Estate agent commission: when, how and how much?

Estate agent commission: when, how and how much?

There are a number of different options when it comes to selling real estate in Switzerland. The easiest and most cost-effective option is to place an online listing on a platform visited by potential buyers. Anyone who does not have the time or the requisite knowledge should consider appointing a professional estate agent when selling their property. An estate agent is able to draw on their experience, expertise and network and use targeted advertising, so your apartment or house may well sell more quickly and at a higher price. Read our article ‘Why use an estate agent?’ to find out more about the benefits. This post covers everything you need to know about estate agent fees and who pays what.

An estate agent may charge commission and an agent's fee in the following cases:

  • The estate agent brings buyers and sellers together, so they may charge commission for this referral service.
  • The estate agent assists the seller in contract negotiations with the buyer, and may charge commission for this negotiation service
  • The estate agent checks and verifies a potential buyer’s genuine interest in buying. They may charge commission for this verification service.

What does it cost to use an estate agent in Switzerland?

The amount of the estate agent’s commission, also known as brokerage fees, essentially comes down to negotiation; Swiss law does not stipulate the exact sum, nor the way in which it is calculated. However, Article 417 of the Swiss Code of Obligations (right to remuneration)provides for a certain limit by stating that a judge may reduce a disproportionately large estate agent commission to an appropriate amount at the request of the party liable. This protects the seller – who, unlike a professional real estate agent, often lacks expertise in this area – from excessive commissions.

In practice, it is common to agree on between 2% and 3% of the sale price, depending on the type and location of the property. For an owner-occupied single-family house or apartment, the estate agent’s commission is usually the standard 2–3%, whereas for a property in an apartment building this is set at around 1.5–2%. Basically, the following rule of thumb applies: the higher the sale price, the lower the scaled commission. Besides the brokerage fee, the estate agent may invoice for travel expenses, listing costs, plot plans and other expenses incurred in connection with the sale of the property. These expenses should be set out in the estate agent agreement and, unlike the commission, are due regardless of whether the property is sold. In any event, it is worth setting a fixed price or a cost ceiling for such expenses.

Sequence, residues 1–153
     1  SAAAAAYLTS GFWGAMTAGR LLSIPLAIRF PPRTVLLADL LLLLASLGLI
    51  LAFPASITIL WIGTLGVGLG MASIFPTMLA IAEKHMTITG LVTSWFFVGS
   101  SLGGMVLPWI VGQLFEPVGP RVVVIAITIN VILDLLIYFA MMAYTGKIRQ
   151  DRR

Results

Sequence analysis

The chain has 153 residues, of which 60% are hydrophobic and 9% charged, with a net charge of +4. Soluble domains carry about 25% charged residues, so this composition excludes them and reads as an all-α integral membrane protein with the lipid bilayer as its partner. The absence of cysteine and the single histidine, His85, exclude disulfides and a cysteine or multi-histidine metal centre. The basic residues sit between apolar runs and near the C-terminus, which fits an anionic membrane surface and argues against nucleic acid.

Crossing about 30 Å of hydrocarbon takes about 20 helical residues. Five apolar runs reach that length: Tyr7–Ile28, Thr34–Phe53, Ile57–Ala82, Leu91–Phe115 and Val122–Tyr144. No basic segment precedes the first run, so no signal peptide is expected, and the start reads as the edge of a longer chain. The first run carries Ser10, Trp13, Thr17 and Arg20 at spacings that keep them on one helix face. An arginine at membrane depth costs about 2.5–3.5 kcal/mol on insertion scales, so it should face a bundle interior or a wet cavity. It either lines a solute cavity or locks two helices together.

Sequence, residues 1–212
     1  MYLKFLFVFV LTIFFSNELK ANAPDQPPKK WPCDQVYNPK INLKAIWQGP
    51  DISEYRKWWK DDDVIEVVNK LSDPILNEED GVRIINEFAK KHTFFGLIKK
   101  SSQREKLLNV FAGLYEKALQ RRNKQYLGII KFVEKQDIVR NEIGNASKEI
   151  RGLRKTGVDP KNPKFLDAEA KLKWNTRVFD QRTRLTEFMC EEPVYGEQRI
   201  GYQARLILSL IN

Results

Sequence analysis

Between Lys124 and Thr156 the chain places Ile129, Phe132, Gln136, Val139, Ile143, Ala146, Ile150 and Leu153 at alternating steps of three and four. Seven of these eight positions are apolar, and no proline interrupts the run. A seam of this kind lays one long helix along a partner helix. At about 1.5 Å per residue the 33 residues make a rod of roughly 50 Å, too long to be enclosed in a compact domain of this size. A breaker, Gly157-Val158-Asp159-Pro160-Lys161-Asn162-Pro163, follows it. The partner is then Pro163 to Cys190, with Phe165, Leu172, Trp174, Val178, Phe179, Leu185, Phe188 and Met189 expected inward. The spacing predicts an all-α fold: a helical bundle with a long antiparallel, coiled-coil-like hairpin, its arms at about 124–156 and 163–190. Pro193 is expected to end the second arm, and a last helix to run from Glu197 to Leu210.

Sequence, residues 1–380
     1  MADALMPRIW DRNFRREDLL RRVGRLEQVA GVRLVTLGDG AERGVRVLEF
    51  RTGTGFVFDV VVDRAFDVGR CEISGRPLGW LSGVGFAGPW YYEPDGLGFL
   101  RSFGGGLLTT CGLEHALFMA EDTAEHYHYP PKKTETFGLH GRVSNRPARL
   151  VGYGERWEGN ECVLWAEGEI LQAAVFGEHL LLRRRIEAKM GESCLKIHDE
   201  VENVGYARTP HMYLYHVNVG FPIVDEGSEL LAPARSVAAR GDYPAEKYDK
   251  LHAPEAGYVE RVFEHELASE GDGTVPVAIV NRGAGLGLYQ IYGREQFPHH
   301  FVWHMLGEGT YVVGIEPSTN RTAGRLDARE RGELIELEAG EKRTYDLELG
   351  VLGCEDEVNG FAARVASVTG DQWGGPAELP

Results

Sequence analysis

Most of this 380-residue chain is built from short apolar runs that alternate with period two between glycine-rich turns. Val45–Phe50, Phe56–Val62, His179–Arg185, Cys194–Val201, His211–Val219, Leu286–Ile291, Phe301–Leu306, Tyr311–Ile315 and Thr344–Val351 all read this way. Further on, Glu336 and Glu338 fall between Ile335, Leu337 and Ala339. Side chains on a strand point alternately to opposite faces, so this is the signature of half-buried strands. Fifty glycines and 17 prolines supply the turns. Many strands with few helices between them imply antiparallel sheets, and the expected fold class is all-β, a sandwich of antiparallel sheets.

It is definitely advisable to obtain several quotes from different real estate agents and compare their commissions.

When is an estate agent entitled to receive their commission?

The due date for payment of the estate agent’s commission is set out in the estate agency agreement. The entitlement to the commission arises when the purchase contract is publicly authenticated at the notary's office. Hence the estate agent’s commission and additional costs are only due after the purchase contract has been completed successfully. Advance payments or deposits to the estate agent are rather unusual, but it is possible to agree on a different date for payment. As soon as you start dealing with the estate agent, minimal costs can be incurred for drawing up the documentation and the property valuation. Depending on what’s involved, this may be in the range of CHF 1,000–3,000.

Who pays the estate agent’s commission?

From a legal point of view, the estate agent fees must be borne by the seller (contractor principle), as they are in a contractual relationship. The estate agent works on behalf of the seller and is tasked with selling the property to the best of their ability and at the best price.

The agent’s commission, notary fees and so on are tax-deductible and subtracted from the capital gains tax. The exact amount will depend on various factors and differs from canton to canton.

Can you avoid paying an estate agent’s commission?

The estate agent’s fee and commission should always be paid both as a matter of principle and by law. Nevertheless, problems can sometimes arise. It’s essential that the estate agent lists their services accurately. Services that are excessive or not agreed in advance can, in principle, be contested by the seller of the property. In rare cases, the commission does not need to be paid to the estate agent, but in most cases this is due to negligent or fraudulent behaviour

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